Catch up on stories from the past week (and beyond) at the Slashdot story archive

 



Forgot your password?
typodupeerror

Submission + - FTDI drags consumers into an IP war: updates drivers, bricks devices->

DeathToBill writes: According to Hack-A-Day, about a month ago FTDI released a new driver for their venerable USB-to-serial bridge chip, the FT232. This driver was pushed out to Windows systems via Windows Update. Unbeknown to, well, everyone except FTDI, the driver included an update to the terms and conditions, including the text, "Use of the Software as a driver for, or installation of the Software onto, a component that is not a Genuine FTDI Component, including without limitation counterfeit components, MAY IRRETRIEVABLY DAMAGE THAT COMPONENT." Now, your average slashdotter might see that warning on a license agreement and think, "Ha ha, yeah right," but this driver update is a bit... special. It uses small differences in the behaviour of counterfeit chips to detect them, then reprograms the chip's USB PID to 0 — preventing any operating system from loading a driver for the device and very effectively bricking it.
Link to Original Source

Comment Wind Industry (Score 5, Interesting) 310 310

1. From inside the base of a wind turbine tower in rural Inner Mongolia province, China. Or, alternatively, from a caravan in the middle of a forest in Eastern Finland in the middle of winter - minus 30 C outside.

2. While nearly frozen to death (see 1b).

3. Wrote a program from? Or wrote a program for? The latter is probably a Danish PLC which I will not name here. It has an in-house OS with an in-house executable format which is based on ELF, loosely enough that none of the standard ELF tools work on it. A serial console is the only debugging interface available. An actual debugger is out of the question. All debugging output is truncated to 20 characters. The thing has a 100MHz CPU and all floating-point math is done in software (no FPU). Its reaction to almost any programming error is to hard reboot (and "programming error" here includes calling printf with any but the most basic formatting string). Perhaps most frustratingly, when it hard reboots it claims to write a stack trace of the faulting code; about 4 times in 5, this is truncated to some extent, often to only the first function in the stack.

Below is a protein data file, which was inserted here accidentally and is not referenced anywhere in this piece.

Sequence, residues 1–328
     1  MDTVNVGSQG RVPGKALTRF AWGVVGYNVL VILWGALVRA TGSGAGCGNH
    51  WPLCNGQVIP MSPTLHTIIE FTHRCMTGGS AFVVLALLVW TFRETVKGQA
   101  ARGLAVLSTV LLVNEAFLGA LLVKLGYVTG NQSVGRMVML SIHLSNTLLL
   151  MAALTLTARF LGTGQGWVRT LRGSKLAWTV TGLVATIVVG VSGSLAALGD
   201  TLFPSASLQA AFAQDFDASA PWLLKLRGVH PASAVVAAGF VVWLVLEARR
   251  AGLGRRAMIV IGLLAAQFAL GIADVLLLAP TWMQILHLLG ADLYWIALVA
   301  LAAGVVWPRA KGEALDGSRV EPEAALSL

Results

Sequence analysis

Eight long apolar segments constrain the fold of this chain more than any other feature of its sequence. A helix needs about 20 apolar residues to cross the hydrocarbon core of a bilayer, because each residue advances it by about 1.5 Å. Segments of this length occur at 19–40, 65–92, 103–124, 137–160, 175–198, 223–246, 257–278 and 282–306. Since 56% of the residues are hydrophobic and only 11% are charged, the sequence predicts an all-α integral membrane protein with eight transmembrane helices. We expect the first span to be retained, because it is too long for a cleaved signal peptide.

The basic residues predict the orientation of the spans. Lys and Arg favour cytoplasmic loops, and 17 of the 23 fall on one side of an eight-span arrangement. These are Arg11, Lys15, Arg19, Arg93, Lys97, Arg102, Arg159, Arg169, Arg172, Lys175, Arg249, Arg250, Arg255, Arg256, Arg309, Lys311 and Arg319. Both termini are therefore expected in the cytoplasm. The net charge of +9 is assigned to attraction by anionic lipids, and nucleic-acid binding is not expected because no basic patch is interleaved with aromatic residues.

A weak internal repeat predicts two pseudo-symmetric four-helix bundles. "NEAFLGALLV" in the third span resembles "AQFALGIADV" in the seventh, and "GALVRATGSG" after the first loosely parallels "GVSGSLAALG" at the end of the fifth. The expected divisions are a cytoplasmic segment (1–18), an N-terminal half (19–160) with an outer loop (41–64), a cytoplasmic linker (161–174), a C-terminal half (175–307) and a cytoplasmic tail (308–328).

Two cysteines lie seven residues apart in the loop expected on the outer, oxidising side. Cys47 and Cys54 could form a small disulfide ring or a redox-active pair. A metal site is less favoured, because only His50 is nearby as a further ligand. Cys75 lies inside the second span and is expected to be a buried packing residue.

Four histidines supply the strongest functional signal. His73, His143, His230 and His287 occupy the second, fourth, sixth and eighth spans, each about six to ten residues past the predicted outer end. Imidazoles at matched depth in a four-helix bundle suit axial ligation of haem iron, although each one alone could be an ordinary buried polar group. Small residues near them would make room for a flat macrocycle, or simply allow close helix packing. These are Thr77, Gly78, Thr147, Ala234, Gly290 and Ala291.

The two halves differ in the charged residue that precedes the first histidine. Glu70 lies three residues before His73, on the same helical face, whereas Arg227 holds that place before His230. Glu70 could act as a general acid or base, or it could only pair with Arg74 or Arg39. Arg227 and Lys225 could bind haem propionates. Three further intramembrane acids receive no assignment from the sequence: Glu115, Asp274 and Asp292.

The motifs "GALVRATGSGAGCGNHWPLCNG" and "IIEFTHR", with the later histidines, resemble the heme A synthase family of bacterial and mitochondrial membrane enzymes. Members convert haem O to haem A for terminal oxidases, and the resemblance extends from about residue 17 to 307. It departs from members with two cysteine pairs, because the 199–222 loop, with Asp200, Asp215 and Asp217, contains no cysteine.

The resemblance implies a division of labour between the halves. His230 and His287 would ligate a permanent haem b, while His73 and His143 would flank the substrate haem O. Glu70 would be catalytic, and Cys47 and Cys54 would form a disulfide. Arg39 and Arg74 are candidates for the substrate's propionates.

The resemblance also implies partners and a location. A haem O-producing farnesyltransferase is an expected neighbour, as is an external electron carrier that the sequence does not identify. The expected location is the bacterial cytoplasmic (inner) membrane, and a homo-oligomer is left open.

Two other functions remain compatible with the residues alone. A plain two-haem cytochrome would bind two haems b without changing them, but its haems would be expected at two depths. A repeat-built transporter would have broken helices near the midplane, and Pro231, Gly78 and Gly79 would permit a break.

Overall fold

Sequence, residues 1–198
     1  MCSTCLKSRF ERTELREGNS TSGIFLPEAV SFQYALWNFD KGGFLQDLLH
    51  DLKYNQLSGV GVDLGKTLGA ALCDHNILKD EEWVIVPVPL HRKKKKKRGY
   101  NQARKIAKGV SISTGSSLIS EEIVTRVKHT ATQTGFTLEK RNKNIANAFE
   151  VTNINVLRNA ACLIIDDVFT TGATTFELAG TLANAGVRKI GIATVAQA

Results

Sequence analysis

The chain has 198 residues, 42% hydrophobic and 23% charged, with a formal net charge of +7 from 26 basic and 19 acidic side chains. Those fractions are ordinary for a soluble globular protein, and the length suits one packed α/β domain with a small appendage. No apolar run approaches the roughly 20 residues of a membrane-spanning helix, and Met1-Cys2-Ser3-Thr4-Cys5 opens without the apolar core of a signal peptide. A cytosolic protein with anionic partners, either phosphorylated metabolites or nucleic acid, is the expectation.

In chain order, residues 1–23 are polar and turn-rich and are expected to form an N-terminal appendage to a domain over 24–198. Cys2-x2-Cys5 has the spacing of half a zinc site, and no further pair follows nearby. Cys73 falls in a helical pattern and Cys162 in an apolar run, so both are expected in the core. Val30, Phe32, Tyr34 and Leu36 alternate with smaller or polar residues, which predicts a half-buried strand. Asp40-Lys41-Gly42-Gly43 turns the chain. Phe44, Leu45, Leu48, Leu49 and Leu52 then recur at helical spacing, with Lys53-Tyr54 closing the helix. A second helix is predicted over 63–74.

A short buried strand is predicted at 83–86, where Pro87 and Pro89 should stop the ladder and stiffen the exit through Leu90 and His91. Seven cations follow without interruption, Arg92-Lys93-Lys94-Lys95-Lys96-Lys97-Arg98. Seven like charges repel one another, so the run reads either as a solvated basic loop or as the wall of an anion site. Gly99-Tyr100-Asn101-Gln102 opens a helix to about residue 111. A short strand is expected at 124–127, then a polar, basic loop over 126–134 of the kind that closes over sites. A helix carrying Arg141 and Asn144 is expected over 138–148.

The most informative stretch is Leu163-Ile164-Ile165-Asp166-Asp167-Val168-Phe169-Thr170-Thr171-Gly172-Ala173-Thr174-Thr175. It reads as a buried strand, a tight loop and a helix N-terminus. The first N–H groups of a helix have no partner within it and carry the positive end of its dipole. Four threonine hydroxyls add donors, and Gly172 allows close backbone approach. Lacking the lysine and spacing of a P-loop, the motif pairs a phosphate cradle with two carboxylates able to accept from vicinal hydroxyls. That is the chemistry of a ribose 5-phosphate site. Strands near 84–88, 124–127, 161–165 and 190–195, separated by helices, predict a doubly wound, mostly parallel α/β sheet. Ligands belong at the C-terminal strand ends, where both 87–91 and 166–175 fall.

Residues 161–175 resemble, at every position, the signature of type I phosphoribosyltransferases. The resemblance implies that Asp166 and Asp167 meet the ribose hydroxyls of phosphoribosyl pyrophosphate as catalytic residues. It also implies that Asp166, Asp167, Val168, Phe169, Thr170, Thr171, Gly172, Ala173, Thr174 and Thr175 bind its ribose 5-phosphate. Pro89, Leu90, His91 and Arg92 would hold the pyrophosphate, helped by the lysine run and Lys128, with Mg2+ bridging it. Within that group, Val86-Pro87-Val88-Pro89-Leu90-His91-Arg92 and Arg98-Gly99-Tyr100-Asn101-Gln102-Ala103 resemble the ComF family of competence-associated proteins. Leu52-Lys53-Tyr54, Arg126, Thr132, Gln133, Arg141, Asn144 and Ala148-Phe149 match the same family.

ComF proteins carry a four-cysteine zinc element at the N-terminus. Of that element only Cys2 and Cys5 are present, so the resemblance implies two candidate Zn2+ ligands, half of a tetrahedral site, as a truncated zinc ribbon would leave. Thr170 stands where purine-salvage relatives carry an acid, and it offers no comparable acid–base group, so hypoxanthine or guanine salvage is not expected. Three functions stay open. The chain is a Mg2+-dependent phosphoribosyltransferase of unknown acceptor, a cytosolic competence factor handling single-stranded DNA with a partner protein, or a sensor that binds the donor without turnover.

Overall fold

4. A Windows programme to drive EtherCAT IO modules from a standard Ethernet socket.

Do I win?

Comment Re:"By Mistake" (Score 1) 711 711

Can you feel the self-awareness failure yet? Cook generalises about millions of users, but he's not the one at fault here; the commenter asks a question about one person (Cook) but apparently now he's "generalis[ing] about millions of people."

Fool boy, see me after class.

Comment Re:From many points of data (Score 1) 772 772

No, you don't get to say, "That would seem to be an important factor in scientific literacy," in the face of the data - that's just assuming your conclusion. The point of the article is that this is not borne out - people who don't believe that evolution explains the development of species are nonetheless equally scientifically literate in all the other areas of science.

Comment Re:From many points of data (Score 2) 772 772

Um, you've just ignored the data in front of you - the data collected shows no correlation between "someone's inclination to believe religion over science" (ie their position on the evolution v creationism debate) and scientific literacy. There is no value in that measurement - it has no predictive power of the scientific literacy.

"Mach was the greatest intellectual fraud in the last ten years." "What about X?" "I said `intellectual'." ;login, 9/1990

Working...